A 5-year-old girl was suspended from school earlier this week after she made what the school called a “terrorist threat.”
Her weapon of choice? A small, Hello Kitty automatic bubble blower.
The kindergartner, who attends Mount Carmel Area Elementary School in Pennsylvania, caught administrators’ attention after suggesting she and a classmate should shoot each other with bubbles.
The kindergartner was ordered to undergo a psychological evaluation during her 10-day suspension, which was later reduced to two days. The evaluation deemed the girl normal and not a threat to others, Ficker said.
The Mount Carmel Area School District told ABC News, “We are confident that much of the information supplied to the media may not be consistent with the facts… The Mount Carmel Area School District takes the well-being and safety of students and staff very seriously.”
This is just one of a series of massive over-reactions we’ve seen in the wake of Sandy Hook.
Across the country, schools are locking doors that weren’t locked before, even though, at Sandy Hook, the door WAS locked. They are hiring guards, even though, at Sandy Hook, the gunman blasted anyone who got in his way. They are implementing voodoo-esque defenses, like making parents call 24 hours in advance of a visit to the school, or forcing parents to forfeit their car keys upon entering the school, or even just making everyone start signing in — as if a madman bent on mass murder would reconsider if he had to sign a piece of paper. “Oh, do I have a photo I.D. with me?…I guess, uh…never mind.”
Of course, the tragedy in Newtown shocks and dismays us. But it shouldn’t make us fundamentally change our schools, because nothing else has fundamentally changed — except our fear level. One mom wrote to me yesterday that her children’s school had scrapped its “Go inside a classroom if you hear gunfire” policy and was now telling students to run outside, or crawl into the drop-down ceiling (how???), or, if they are in the parking lot, to drive away (but not to any particular place) — in effect, endorsing panic. And a few posts below this one, a mom was protesting the $2.4 MILLION her school district is considering spending on school guards.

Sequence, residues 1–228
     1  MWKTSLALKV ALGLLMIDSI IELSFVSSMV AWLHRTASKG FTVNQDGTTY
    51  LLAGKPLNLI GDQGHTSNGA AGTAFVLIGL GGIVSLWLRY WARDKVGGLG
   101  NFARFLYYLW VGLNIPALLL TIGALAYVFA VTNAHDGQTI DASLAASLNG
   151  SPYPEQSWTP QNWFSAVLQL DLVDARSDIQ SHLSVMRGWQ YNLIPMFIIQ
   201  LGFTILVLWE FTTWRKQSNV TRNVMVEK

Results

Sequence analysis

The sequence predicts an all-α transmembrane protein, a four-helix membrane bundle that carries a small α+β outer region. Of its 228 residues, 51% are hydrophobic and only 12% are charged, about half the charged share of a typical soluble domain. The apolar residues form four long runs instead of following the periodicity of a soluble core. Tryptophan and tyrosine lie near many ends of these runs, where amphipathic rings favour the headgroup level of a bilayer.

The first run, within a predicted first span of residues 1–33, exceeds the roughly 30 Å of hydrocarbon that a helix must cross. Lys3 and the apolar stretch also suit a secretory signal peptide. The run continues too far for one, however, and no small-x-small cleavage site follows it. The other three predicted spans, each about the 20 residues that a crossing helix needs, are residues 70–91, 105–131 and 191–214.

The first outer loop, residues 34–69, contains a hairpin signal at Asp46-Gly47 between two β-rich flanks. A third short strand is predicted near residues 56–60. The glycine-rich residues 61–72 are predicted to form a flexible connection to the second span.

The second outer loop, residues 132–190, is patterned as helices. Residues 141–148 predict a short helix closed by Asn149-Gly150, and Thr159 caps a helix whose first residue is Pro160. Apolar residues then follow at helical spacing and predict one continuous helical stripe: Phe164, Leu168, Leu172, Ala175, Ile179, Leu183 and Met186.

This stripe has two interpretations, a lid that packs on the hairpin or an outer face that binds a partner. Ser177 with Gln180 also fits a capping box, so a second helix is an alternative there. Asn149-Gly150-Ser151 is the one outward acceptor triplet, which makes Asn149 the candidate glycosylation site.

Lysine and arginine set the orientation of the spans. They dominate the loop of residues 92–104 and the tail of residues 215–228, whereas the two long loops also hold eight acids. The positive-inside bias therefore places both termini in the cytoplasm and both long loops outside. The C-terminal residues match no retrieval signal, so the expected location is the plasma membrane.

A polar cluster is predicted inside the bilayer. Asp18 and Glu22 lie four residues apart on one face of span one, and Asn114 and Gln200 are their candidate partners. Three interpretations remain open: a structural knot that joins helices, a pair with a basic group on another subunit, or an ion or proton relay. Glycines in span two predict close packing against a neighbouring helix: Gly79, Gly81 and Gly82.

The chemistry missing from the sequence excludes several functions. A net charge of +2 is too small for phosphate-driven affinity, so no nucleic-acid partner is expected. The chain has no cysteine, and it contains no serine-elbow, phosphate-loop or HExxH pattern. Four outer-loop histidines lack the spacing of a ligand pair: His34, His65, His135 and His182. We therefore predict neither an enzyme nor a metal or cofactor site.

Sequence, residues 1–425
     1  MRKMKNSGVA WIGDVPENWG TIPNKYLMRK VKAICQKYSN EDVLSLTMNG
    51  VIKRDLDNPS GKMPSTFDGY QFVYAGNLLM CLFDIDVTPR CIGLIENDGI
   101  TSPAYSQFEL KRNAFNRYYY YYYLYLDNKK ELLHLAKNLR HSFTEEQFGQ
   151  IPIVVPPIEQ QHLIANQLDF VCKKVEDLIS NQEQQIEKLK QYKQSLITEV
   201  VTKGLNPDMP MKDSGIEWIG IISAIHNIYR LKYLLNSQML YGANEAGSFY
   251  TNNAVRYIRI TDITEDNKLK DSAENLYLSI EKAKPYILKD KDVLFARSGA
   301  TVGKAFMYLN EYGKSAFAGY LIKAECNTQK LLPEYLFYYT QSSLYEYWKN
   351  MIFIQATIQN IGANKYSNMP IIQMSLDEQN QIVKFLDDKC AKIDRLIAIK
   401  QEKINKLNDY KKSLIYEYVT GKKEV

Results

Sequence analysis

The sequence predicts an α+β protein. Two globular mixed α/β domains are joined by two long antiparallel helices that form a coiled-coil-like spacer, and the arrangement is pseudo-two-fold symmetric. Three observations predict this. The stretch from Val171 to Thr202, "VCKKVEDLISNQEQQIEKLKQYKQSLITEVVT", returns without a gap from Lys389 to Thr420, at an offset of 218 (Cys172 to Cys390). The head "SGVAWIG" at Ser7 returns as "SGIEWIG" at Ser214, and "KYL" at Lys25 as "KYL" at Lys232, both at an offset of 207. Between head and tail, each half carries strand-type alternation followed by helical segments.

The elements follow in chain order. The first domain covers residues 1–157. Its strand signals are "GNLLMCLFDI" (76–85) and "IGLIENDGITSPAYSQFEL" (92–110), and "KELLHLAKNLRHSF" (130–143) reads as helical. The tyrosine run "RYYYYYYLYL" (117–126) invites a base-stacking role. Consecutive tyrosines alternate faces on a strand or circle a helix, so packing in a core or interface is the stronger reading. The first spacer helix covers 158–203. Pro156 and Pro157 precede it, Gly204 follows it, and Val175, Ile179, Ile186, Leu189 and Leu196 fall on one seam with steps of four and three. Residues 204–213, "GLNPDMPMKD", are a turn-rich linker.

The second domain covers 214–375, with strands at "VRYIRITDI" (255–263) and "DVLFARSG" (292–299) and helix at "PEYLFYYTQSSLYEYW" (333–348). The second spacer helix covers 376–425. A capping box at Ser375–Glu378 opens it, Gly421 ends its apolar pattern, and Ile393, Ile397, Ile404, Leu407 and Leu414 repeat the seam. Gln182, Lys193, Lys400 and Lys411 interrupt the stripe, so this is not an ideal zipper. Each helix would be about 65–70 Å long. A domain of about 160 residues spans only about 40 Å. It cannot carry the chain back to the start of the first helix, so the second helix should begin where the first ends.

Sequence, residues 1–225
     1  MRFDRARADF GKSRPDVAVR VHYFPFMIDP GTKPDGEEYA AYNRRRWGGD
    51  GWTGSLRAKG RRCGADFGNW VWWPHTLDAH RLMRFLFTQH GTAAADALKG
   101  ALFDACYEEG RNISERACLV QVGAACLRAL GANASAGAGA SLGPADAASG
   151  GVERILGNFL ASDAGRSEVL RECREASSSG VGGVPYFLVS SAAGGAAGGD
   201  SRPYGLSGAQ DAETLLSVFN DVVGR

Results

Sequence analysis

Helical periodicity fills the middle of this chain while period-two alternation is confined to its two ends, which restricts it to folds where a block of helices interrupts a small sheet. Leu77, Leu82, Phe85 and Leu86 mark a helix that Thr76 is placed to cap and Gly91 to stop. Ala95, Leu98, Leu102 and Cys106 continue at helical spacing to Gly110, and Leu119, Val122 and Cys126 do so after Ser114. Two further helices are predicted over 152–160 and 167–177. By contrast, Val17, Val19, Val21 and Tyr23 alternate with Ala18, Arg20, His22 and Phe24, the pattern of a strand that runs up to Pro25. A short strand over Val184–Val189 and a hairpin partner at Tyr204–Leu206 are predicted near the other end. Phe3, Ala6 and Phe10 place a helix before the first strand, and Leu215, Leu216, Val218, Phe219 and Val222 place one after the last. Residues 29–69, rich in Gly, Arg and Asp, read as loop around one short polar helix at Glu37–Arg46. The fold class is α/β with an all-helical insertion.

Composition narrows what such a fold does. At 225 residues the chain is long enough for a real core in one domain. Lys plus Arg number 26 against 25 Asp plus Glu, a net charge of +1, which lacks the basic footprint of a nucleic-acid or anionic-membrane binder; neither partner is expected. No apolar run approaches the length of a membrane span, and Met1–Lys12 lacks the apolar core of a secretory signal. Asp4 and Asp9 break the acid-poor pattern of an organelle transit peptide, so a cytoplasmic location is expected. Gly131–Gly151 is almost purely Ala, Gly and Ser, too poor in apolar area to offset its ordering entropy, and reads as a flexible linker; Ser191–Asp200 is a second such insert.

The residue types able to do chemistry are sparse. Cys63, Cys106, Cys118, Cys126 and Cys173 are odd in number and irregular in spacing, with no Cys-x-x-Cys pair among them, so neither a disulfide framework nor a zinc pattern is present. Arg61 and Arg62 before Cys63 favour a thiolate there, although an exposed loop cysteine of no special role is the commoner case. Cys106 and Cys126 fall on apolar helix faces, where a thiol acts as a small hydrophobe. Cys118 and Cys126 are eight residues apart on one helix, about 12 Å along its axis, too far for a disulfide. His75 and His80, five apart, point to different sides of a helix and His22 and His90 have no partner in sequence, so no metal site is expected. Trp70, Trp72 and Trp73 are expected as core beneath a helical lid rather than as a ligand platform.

And, of course, they are stepped up zero-tolerance policies. Because you know if you let a kindergartner bring a bubble gun today, tomorrow it might be a bazooka.
What we have here is a group of panic-stricken people running wild embracing any policy that sounds like it might help. This, of course, delights the people who have long had a list of things they want to implement — gun control, locked down schools, video game censorship. It is time for people to stand up and say, “No, enough! Prove to me that X will save lives before we even consider it.”